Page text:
Archive for Films and Field Trips

Instant watch documentaries

The best advantage to the nominal monthly fee for netflix besides no late fees is the instant watch menu played on your computer.  They have countless amounts of documentaries including most PBS shows such as Nova and Frontline. So it’s instant gratification for no extra charge!  Going off the the documentary we watched in class about water privatization, “Blue Gold” narrated by Malcolm McDowell (A Clockwork Orange) is offered as instant watch and is riveting!   It immediately pulls you in with Mcdowell’s grainy, slightly cockney voice as it introduces a story of a man going without water for a week, and describing the physiological process…ending with a powerful quote, “whomever goes without water for a week cries blood”.  Yes, it is very biased, But it is a biased side that I’m on as long as it is backed up with facts and data.  Another good documentary on instant watch is “The Yes Men” which made me excited when I realized that fact.  I saw a prescreening of it when it came out in LA because I was involved in the street team promoting that movie.  It’s about two guys who set up a false website for WTO under the pretenses of being spokespeople for the organization.  They proceed to act as caricatures for the organization when they are asked to speak at different locations.  The caricatures are so absurd it’s amazing that people don’t catch on but it really hits on some deep truths.  I highly recommend it!  Other good instant watch documentaries include “King Corn” and “The Eleventh Hour”, as well as the Nova and Frontline episodes.


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Could a world like Pandora from “Avatar” have existed on Earth?

This is something I have to get off my chest since I have seen the movie Avatar.  Before anyone laughs at me; because yes, I have to say the movie moved the hell out of me; I would like to explain what I truly got out of it.  Despite James Cameron’s gimmicky techniques to draw his audience in with incredible CG effects, and the outcome of his many years of work on the special 3D camera, I took with me a strong message that can’t seem to be stated enough.  It is a pretty obvious theme throughout the movie that there is a lot to learn from nature around us if we just listen or tune in.  It reminded me of a lot of issues that have been discussed in our class last term, such as Jensen talking about getting rid of our technological world and living off our land again in a more primal form.  Well, I thought before that it would be impossible now to do what he suggests, and I still think that way due to the probable up-rise of overwhelming majority of people to keep the comfortable lifestyle they have achieved, or grown up with.  But the movie made me think; what if Cameron’s idea is to show us the future of mankind if we had chose to evolve with our world instead of separately from it?

I got choked up when I first saw the imagined world of Pandora and then continued to do so when it uncovered more glorious scenes of that world, such as the floating mountains.  Okay, so I’m a sucker for fantasy and pretty neon colors.  But what immediately came to mind with the concepts of the imagined world was that it was just fantasy and no world is that symbiotic.  And then it came to mind that we can think of this imagined world to be a lot older than Earth.  Maybe because the humanoid inhabitants decided to evolve with their world around them instead of separately, like we have chosen with man-made technology, that they and the nature around them evolved to the point of a seamless system.  Too far fetched?  I don’t know but I do wonder now hypothetically; if we as Earth’s inhabitants have continued to live like hunters and gatherers, could we and nature around us have evolved differently then we are now?  Maybe more fit and in right response to our fight or flight instincts, which cause so much anxiety in people today?  Could organic technology have evolved from our need for knowledge like it did on Pandora?  I would love to hear other people’s thoughts on this because I know that when I was watching the movie, a sense of nostalgia came over me as if I realized all of a sudden that I didn’t quite fit into my surroundings.  Can’t wait to hear your thoughts!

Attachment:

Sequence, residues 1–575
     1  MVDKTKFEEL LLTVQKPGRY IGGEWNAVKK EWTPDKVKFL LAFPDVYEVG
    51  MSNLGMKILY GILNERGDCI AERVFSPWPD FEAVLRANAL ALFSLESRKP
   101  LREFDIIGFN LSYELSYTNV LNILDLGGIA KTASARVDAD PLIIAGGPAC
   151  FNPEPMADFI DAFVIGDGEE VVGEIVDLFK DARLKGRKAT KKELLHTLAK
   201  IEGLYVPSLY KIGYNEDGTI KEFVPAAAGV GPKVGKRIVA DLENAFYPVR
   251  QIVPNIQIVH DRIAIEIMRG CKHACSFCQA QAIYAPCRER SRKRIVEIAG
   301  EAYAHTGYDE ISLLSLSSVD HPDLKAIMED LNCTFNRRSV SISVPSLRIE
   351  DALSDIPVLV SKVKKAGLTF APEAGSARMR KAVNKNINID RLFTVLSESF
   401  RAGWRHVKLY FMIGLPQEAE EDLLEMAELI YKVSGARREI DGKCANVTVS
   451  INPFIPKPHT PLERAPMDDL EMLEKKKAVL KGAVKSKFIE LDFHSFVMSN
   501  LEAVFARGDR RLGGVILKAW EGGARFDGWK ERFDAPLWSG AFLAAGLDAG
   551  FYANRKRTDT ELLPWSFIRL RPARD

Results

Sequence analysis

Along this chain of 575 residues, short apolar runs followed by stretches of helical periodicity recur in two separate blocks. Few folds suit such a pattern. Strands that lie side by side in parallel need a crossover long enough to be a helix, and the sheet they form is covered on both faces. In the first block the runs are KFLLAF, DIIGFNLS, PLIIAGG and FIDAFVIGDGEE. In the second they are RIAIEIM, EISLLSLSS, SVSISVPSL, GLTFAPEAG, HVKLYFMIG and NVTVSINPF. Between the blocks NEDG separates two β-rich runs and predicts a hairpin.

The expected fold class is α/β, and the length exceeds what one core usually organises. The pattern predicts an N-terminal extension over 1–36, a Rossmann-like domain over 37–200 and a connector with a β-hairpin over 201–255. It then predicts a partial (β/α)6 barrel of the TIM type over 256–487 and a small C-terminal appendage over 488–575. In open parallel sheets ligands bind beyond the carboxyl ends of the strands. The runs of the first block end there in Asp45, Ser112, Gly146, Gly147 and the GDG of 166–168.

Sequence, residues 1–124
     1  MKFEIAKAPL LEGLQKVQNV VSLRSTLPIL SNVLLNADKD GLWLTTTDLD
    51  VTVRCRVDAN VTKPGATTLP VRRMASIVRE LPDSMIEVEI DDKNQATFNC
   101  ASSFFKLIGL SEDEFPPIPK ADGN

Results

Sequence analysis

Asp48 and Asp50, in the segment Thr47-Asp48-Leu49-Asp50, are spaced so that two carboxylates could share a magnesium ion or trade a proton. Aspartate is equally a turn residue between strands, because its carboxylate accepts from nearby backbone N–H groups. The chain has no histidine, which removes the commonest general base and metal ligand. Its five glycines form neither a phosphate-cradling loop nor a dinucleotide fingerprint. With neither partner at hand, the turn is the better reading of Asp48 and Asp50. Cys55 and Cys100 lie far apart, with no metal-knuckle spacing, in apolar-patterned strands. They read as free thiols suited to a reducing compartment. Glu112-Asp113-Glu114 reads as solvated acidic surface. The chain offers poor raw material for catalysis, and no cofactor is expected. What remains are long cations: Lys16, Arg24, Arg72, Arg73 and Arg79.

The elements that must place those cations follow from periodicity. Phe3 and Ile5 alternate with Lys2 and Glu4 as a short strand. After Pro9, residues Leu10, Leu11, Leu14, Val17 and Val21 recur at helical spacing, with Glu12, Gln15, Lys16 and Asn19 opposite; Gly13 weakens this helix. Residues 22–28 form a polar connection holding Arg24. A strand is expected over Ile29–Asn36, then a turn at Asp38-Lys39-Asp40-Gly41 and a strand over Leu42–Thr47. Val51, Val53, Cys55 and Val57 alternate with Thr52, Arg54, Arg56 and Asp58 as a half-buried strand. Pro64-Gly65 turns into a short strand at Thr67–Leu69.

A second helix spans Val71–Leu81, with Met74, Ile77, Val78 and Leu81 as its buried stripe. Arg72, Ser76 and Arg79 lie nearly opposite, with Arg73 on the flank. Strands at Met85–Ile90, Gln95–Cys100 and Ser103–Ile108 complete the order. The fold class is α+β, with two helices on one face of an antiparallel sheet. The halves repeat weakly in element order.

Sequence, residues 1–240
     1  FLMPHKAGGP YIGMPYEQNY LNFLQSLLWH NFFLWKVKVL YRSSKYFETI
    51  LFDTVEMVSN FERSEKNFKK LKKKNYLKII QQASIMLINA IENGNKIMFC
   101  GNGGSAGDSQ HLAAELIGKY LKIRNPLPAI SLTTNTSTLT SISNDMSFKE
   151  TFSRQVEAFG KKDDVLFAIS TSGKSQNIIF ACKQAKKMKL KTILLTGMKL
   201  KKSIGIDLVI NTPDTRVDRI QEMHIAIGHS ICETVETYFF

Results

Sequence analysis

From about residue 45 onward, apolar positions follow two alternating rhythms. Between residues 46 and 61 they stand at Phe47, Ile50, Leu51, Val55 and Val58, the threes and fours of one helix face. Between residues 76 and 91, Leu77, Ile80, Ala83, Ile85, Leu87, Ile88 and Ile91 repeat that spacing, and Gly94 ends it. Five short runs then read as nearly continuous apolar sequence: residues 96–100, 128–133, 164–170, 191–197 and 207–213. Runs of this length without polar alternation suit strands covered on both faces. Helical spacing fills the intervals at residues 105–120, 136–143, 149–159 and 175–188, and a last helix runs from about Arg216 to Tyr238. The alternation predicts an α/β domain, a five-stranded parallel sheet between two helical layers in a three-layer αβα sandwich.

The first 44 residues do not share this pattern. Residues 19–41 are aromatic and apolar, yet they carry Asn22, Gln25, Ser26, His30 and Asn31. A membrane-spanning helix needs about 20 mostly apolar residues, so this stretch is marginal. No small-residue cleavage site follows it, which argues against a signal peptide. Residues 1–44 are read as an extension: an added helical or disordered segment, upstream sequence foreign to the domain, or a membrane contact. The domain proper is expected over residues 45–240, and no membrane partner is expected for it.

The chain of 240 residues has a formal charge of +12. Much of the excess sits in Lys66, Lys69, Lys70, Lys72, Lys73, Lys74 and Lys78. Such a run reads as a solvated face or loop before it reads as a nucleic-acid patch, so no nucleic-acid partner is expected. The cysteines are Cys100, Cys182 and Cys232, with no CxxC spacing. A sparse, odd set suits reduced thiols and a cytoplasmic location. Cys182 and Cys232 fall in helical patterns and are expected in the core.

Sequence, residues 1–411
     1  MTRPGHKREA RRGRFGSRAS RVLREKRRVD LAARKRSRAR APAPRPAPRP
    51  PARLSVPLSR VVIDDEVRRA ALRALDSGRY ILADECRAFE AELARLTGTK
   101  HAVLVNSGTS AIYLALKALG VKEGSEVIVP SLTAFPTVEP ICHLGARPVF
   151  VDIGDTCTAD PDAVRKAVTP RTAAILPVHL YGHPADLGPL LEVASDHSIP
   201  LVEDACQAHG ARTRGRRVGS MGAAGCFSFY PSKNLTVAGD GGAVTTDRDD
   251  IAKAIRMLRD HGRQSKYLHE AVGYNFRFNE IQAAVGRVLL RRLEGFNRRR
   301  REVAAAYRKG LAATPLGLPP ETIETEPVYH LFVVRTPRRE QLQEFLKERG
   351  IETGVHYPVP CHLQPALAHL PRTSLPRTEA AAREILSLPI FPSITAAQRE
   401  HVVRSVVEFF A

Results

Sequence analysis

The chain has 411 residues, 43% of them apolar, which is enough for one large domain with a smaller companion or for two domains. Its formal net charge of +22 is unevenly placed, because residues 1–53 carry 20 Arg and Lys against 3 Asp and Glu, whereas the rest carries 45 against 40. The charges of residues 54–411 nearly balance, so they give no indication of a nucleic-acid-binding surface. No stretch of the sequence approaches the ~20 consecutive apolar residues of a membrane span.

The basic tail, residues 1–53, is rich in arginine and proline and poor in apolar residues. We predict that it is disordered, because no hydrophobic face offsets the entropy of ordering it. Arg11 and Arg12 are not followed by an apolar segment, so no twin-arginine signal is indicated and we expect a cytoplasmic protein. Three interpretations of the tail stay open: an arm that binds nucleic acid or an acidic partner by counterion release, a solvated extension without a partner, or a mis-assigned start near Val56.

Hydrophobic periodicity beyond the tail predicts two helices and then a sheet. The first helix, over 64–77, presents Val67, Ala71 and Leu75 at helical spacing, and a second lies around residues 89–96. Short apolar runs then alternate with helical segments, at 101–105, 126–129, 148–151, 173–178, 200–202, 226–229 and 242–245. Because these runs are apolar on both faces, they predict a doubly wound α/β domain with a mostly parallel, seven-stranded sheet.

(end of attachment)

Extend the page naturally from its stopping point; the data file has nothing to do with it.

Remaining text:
Anne-Marie Aguilar

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The Meatrix

Hey here is a short cartoon film that sums up factory farming in a very understandable way.  It has also won numerous awards.  Then at the end it gives you websites to use to help you shop local and sustainable.  The film is a playoff of, The Matrix, so it is a little corny but it does a very good job of simplifying everything and makes it very understandable.

Mitch Gaulke

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Food Inc.

food_incI just finished watching the Film Food Inc. and it was truly one of the best films relating to what we have been discussing in class. I highly recommend that everybody goes and checks this video out. It is an hour and a half, but i wanted more when it was done. I found this movie very disturbing but in a good way. It not only showed us where our food comes from, but also what Americans can do to make the change that is needed. Basically, every time we go to the grocery store we are voting, so the more we buy the sugary foods, tv dinners, and soda the more companies will produce. Ultimately the change begins with us and our habits, the companies are just producing what the the consumers (us) wants. Every American needs to watch this video to see what our habits have done to the food system. Here is a link to some reviews that others have made about the video.

~Cody Males

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